DnD-inspired, Story-rich PDQ# Characters

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Last time, I introduced the idea of running rules-light D&D-style campaigns using PDQ#. Here is how to easily transpose characters from 4e to PDQ#. If you’ve ever wanted to incorporate thrilling nautical, airship, or mass combat action in 4e, these are areas where PDQ# (as seen in Swashbucklers of the Seven Skies) truly shines. S7S’s ship rules are fast, interactive, and perhaps the best I’ve seen (not to mention seamlessly portable to fortresses, armies, or other paragon-appropriate elements). But that’s a topic for another post.

PDQ# Build Basics

PDQ# characters begin with 3 required Fortes at Good +2, (Past, Motivation, and Swashbuckling Forte) to which I added Race, and changed “Swashbuckling Forte” to “Heroic Forte.”

If using Race like we did, characters then choose 3 more Fortes (at Good +2) during character creation, 1 Foible, and 5 points for buying Techniques (which cost 1 pt when attached to the Heroic Forte, 2 pts attached to any other Forte, or 3 pts unattached). The extra Fortes can also upgrade existing Fortes one step from Good +2 to Expert +4, to a maximum of Master +6.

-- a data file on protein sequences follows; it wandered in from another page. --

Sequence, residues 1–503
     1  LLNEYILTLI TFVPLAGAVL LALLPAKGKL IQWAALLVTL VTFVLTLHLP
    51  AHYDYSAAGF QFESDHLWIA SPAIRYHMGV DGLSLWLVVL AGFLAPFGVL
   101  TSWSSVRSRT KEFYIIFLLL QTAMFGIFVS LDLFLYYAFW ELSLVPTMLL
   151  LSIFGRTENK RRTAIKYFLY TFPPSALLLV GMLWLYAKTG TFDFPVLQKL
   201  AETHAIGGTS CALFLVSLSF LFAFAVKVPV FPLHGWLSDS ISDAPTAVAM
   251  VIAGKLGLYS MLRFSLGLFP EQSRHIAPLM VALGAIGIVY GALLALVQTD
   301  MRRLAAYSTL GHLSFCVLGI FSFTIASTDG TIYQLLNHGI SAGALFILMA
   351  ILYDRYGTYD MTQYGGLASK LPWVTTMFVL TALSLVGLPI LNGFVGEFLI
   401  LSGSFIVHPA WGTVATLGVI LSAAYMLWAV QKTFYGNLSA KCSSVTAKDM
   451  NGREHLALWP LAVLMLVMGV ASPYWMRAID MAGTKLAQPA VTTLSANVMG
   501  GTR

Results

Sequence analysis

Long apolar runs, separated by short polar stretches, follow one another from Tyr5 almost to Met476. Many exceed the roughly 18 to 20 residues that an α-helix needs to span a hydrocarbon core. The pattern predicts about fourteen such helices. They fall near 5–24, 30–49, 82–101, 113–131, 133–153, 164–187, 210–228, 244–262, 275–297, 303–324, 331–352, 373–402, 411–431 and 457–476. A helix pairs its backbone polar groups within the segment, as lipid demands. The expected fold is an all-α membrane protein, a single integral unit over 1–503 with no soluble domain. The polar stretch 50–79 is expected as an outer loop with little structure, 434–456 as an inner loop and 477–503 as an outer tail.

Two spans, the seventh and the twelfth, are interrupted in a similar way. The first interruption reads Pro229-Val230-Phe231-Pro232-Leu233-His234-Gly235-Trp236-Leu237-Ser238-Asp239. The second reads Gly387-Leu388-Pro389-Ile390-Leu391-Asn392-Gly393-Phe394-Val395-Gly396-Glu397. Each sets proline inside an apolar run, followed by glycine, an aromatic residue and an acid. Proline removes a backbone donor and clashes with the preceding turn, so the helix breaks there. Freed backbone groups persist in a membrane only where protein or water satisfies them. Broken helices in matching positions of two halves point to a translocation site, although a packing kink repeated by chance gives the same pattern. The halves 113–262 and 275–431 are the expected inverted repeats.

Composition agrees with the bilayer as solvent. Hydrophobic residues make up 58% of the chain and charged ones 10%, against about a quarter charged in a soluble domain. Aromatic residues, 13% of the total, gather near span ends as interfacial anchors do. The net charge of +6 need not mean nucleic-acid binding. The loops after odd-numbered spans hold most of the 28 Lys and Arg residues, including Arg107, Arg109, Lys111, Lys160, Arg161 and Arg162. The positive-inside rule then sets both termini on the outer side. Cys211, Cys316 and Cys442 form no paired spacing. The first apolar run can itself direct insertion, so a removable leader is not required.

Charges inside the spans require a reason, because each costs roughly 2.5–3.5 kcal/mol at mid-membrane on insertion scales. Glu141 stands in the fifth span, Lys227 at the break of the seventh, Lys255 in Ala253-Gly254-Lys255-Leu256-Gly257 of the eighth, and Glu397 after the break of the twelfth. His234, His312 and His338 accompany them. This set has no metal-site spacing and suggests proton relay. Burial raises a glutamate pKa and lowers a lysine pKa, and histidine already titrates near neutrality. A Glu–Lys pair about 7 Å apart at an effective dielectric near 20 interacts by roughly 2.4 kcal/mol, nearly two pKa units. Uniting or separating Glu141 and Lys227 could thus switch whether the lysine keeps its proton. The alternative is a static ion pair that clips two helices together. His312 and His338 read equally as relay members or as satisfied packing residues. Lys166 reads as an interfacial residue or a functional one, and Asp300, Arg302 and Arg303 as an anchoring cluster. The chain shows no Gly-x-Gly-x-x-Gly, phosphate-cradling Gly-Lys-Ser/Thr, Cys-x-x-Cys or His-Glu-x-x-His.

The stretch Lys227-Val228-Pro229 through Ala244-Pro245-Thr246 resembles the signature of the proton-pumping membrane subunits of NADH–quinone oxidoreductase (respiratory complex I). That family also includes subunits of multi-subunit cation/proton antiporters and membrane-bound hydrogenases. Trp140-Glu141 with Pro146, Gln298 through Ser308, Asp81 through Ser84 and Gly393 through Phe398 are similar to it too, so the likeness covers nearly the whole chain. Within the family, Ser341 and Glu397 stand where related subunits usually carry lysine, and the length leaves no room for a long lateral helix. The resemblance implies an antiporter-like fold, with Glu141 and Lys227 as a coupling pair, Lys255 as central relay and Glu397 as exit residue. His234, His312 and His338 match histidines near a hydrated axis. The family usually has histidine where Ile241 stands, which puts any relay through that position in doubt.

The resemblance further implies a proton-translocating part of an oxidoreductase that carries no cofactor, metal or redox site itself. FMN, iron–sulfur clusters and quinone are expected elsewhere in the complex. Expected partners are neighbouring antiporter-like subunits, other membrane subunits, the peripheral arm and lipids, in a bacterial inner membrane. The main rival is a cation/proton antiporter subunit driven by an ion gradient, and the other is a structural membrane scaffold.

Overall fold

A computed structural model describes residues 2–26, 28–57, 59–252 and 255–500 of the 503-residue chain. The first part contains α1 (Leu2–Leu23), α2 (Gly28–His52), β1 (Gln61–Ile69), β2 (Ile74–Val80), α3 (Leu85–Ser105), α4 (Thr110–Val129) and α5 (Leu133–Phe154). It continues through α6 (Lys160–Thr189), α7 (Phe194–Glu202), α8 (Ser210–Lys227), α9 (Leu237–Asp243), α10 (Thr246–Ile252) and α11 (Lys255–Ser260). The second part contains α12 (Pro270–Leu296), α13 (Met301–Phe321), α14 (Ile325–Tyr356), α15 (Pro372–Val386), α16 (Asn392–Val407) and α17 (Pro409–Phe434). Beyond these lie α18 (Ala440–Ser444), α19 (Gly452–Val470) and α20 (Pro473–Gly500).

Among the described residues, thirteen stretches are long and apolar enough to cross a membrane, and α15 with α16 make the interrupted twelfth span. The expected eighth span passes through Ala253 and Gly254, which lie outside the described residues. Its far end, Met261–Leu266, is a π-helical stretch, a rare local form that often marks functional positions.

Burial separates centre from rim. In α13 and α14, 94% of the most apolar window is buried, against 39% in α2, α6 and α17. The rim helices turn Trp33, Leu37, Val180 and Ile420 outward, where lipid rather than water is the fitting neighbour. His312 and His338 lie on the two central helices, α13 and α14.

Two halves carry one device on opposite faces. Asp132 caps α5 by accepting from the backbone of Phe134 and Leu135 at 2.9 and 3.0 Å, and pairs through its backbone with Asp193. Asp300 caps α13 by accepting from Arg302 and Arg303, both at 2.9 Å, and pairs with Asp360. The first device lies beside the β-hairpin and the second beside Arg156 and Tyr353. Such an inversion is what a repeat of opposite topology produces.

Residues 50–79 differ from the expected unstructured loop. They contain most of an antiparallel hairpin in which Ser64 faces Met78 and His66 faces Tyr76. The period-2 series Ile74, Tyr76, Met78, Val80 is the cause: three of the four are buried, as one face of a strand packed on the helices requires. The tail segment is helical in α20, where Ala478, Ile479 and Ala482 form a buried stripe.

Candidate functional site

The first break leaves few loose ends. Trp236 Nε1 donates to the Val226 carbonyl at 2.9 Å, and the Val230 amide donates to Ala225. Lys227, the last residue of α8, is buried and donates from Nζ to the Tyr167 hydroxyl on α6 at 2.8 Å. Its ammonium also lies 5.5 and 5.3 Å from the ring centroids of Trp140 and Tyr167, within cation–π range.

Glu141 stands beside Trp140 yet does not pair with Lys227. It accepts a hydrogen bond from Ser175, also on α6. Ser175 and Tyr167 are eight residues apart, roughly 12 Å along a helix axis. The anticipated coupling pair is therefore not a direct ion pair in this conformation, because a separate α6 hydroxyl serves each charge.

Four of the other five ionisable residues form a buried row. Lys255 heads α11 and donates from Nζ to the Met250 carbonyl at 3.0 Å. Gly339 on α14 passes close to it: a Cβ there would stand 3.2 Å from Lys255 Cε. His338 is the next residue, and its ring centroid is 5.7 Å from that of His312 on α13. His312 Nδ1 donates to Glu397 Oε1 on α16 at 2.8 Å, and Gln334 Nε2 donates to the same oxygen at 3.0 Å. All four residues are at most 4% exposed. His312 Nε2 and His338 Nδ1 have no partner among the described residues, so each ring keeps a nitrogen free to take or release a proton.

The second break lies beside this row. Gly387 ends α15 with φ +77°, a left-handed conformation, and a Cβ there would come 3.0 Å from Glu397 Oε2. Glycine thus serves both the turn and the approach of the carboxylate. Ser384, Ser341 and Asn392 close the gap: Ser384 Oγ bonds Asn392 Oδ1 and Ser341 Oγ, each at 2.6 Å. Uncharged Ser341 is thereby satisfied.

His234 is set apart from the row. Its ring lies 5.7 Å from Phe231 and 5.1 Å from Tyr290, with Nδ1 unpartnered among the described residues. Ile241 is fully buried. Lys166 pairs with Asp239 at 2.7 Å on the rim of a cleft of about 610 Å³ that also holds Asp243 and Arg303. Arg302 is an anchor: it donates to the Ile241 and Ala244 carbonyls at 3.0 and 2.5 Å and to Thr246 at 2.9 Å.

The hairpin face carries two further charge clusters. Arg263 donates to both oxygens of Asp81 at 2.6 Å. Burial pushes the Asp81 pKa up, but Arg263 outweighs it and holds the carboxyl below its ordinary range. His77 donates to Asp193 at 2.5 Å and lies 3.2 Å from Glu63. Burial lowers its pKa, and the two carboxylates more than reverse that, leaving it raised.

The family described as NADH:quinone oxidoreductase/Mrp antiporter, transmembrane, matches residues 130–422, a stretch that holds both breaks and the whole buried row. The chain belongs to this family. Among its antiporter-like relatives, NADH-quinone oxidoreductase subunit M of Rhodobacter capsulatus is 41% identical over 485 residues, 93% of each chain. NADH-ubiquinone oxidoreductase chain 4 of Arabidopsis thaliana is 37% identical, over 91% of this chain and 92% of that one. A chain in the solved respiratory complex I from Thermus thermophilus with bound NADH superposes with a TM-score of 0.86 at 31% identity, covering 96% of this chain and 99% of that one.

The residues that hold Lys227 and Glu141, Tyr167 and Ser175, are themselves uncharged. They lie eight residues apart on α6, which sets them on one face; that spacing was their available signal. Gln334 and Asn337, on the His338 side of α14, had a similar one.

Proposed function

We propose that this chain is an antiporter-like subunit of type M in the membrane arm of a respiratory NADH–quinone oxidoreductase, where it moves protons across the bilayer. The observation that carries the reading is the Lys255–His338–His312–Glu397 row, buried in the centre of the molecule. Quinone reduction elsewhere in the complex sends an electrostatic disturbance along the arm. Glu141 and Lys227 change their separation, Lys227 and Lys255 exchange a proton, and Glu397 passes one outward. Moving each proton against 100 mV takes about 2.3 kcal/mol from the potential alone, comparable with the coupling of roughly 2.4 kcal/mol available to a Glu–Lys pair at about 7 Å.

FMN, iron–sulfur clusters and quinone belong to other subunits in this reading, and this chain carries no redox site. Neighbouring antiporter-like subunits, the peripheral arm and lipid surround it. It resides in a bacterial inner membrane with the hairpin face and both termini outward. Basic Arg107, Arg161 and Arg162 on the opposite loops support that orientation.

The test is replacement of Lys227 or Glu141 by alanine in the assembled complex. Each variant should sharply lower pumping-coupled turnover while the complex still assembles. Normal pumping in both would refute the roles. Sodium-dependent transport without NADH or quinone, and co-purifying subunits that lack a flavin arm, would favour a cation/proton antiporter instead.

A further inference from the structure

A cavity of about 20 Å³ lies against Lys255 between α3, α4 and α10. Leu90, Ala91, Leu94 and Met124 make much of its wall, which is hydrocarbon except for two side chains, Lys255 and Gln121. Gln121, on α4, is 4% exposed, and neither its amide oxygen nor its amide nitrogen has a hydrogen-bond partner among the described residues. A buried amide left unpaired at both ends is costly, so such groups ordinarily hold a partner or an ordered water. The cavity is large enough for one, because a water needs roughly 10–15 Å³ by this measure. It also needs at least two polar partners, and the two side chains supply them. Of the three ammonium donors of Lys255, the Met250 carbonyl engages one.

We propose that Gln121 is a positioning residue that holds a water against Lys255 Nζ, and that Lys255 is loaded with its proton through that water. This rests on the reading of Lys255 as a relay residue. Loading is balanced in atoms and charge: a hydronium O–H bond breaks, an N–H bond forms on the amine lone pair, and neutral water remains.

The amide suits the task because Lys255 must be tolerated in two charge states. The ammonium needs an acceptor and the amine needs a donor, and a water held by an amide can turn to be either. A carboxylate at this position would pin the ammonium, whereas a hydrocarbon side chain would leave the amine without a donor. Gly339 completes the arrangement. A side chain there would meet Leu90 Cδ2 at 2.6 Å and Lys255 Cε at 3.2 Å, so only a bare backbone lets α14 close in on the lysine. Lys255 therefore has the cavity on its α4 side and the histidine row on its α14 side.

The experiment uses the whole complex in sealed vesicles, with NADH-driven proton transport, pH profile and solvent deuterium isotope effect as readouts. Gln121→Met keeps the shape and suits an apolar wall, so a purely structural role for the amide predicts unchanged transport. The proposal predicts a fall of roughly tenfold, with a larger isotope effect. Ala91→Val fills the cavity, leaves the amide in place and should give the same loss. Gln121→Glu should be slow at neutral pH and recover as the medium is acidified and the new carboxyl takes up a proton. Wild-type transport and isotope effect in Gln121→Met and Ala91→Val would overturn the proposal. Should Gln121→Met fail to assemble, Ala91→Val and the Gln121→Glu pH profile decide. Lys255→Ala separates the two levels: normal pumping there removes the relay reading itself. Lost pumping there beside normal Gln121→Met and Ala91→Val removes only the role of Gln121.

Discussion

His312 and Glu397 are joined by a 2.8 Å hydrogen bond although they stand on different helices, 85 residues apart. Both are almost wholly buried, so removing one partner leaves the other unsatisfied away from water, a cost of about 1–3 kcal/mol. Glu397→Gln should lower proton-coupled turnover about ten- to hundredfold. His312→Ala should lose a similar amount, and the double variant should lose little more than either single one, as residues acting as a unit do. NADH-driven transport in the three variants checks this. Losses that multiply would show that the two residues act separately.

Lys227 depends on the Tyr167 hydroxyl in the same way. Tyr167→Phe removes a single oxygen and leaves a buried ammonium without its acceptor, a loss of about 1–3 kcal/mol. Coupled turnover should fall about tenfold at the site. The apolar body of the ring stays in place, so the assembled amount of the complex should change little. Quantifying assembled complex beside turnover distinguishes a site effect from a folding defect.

In my mind, Techniques are one of the more intriguing parts of PDQ#, and they cover most of the 4e conversion details below. In play they grant an additional die or a flat +1 to any roll that includes them. Techniques can be any of the following:

  • Idioms (style/flavor: acrobatically, calculating, fierce)
  • Maneuvers (Sneak Attack, Magic Missile, Twin Strike)
  • Locations/Situations (while mounted, while outnumbered, in bars/taverns, in the wilderness, in disguise, while injured, or while guarding the injured)
  • Foes (Vs. orcs, Vs. authority figures, Vs. rival Wilhelm Verhaust, Vs. whomever my Master names)
  • or Weapons/Tools (My Father’s sword, rope).

For a seamless 4e conversion, simply follow these 5 steps:

  1. Call the Heroic Forte “Class
  2. Choose a new Foible and Motivation for the character
  3. Use Backgrounds (or any fortes below) for the Past Forte
  4. Extra Fortes: You can derive great Fortes from the names of class builds,class features, and–later–Paragon Paths or Epic Destinies. Defining trainedskillsfeats (especially heritages or dragonmarks), or magic itemsalso work, but tend to be better as Techniques. The following all make great Fortes: